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| Christmas this year turned out to be a modest but filling affair. The Canadians had other plans for the day, and at the last minute Rafe called in sick. I should have called in sick as well, but I was the host. What's a host to do? In a word, our table for six shrank to a table for three.

But never mind! More rib-eye roast for the rest of us!

I've always been perplexed by the challenge of roasting the roast just enough -- not too little so it ends up basically rare, or too much so that it becomes overcooked shoe leather. For some time now I've followed the strategy of starting the roast at high temperature for a period of time, then turning the oven down to let it finish low and slow. But there's always uncertainty and one is dependent on the reliability of an instant-read thermometer.

This year, however, I happened onto an article that reduced the uncertainty. Guaranteed to produce the perfect medium-rare roast every time. The secret, so it said, is to take the exact weight of the roast, multiply by 5, and then round off to a whole number. That is supposed to be the number of minutes at a screaming high temperature (500°). In my case, that is impractical because it always sets off all the smoke detectors, so I start the roast at 475°. Then, according to the recipe, turn off the oven and let the roast be for two hours. Take it out and it will be perfect.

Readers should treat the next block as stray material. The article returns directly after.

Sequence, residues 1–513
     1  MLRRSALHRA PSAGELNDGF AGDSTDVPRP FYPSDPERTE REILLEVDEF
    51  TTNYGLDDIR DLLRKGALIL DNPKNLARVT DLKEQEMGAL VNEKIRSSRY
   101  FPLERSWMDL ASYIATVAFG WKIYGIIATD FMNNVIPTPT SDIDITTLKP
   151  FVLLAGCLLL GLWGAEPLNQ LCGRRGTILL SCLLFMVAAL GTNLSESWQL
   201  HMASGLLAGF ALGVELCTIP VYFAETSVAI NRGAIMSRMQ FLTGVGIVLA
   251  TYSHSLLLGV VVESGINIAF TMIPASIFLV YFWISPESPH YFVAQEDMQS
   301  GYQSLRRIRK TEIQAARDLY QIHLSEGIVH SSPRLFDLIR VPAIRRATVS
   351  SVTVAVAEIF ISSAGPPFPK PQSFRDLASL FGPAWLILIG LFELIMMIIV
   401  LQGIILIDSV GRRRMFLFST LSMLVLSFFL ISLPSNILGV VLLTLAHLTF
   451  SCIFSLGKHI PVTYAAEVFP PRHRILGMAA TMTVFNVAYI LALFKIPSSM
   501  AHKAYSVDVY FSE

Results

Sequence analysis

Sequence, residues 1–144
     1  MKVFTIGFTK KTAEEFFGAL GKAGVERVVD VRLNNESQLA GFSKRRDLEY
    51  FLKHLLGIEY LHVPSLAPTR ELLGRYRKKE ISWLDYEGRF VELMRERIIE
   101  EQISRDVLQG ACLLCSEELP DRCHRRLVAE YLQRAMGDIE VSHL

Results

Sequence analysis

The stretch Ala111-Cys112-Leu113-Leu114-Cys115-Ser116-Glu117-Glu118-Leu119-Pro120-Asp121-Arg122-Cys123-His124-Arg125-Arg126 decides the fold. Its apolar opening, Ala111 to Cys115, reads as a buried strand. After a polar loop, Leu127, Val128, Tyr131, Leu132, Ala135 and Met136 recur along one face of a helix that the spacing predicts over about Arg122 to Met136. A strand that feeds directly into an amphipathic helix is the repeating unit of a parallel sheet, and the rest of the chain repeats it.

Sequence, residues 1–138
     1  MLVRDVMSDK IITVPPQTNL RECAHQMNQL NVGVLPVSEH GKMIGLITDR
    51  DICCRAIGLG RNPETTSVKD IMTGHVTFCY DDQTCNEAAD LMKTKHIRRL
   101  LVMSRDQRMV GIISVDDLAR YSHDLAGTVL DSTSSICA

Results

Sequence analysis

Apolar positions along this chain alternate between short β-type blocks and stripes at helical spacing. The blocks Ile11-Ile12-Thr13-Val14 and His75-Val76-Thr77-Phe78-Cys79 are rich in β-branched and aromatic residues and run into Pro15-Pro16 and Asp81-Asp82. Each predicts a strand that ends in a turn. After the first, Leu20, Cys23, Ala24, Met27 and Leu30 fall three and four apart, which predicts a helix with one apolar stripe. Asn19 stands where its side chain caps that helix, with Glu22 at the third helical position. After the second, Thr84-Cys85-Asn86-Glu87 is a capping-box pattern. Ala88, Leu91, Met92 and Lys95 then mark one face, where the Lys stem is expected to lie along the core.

I intended to follow these instructions, but I found that the oven did not retain enough heat and toward the end of the two hours, the internal temperature of the roast began to drop. So, I went back to my old method of setting the oven at 225° for the low and slow part.

Right on cue, the roast was done, and when I carved into it after a proper rest, it was, indeed perfect. A nice crust on the outside, then uniform pink throughout. Clearly the best roasting job I've ever done. I think the key is to time the period of high heat according to the size of the roast! That's my story and I'm sticking to it.

I also made a sinfully cheesy version of scalloped potatoes with four cheeses and lots of heavy cream. What's not to like?

In the end, we dined sumptuously.

Bob and Real at table
Réal and Bob confront their plates

Last updated on Dec 31, 2019



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